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Updated by Jen Blair on Dec 07, 2019
Headline for Winter Break Best Books 2019 - Nonfiction/Memoir
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Winter Break Best Books 2019 - Nonfiction/Memoir

Because apparently the only way I will read nonfiction is if it is in graphic novel form or in verse...

They Called Us Enemy by George Takei

George Takei tells his story of when his family was imprisoned in American Internment Camps during WWII. His crime? He was of Japanese descent. His parents faced impossible decisions but did everything in their power to protect their children. This is a story of hope but includes ties to present day camps of immigrants to remind us of current attitudes about discrimination and racism.

Ordinary Hazards by Nikki Grimes

“Growing up with a mother suffering from paranoid schizophrenia and a mostly absent father, Nikki Grimes found herself terrorized by babysitters, shunted from foster family to foster family, and preyed upon by those she trusted. At the age of six, she poured her pain onto a piece of paper late one night - and discovered the magic and impact of writing.”
Told in verse, this is a story of remarkable resilience and hope.

Dancing at the Pity Party by Tyler Feder

“From before her mother's first oncology appointment through the stages of her cancer to the funeral, sitting shiva, and afterward, when she must try to make sense of her life as a motherless daughter, Tyler Feder tells her story in this graphic novel that is full of piercing--but also often funny--details.”

I appreciated the humor and grace of Feder’s personal experience with grief and learned a lot about dealing with my own grief as well. (Pub. date: April 14, 2020)

Dragon Hoops by Gene Luen Yang

Yang’s graphic novel retelling of his school’s attempts to win the California State Championships in basketball. As he retells the story of the team, he learns more about the students he taught, the struggles with the past for many teachers, and his own priorities regarding his family and teaching career. (Pub. date: March 17, 2020)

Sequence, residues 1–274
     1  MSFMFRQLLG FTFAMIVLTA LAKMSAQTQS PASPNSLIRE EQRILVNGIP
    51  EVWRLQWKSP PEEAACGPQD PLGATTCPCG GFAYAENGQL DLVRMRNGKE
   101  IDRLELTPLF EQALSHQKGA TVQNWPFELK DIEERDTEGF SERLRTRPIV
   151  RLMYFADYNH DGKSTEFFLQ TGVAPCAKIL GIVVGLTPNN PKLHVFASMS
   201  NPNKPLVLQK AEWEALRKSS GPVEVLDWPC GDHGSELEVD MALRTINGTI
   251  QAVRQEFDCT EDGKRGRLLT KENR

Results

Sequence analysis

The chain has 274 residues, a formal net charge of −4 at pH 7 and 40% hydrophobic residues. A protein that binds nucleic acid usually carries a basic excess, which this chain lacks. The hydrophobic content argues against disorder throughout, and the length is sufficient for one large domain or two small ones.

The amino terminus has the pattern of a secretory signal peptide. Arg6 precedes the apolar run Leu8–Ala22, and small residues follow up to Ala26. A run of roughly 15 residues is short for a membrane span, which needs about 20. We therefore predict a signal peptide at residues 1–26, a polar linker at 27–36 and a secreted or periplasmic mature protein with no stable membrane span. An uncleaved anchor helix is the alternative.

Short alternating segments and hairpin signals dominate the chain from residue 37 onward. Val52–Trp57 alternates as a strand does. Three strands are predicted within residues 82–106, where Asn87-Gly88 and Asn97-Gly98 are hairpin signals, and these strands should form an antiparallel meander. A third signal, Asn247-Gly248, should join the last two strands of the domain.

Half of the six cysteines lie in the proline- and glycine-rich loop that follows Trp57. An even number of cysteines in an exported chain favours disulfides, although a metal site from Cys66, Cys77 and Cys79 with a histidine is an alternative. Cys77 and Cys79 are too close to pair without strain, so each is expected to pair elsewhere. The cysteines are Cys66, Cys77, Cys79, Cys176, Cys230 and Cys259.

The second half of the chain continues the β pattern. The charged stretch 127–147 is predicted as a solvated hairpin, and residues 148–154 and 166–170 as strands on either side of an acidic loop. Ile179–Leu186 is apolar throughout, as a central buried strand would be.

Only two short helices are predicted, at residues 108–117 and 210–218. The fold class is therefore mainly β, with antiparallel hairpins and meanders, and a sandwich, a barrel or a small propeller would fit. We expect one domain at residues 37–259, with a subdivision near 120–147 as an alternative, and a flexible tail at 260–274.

When You Ask Me Where I'm Going by Jasmin Kaur

Told in verse, Kaur explores what it means to be an immigrant woman and the resilience required to overcome obstacles.

Best Friends (Real Friends, #2) by Shannon Hale

In the sequel to Real Friends, Hale honestly shares her own experiences of being a sixth grader trying to fit in with the popular girls.

Guts by Raina Telgemeier

Telgemeier returns to nonfiction with her honest portrayal of her experiences with anxiety and stress in fourth grade.

(Don't) Call Me Crazy by Kelly Jensen

Some very familiar names from the YA Author World share their experiences with mental health challenges that they have faced in their own lives.

El Deafo by Cece Bell

I know, I know, but I didn’t read this one until this year! Bell’s experience of not only traumatic hearing loss, but negotiating middle school while wearing bulky and embarrassing hearing aids.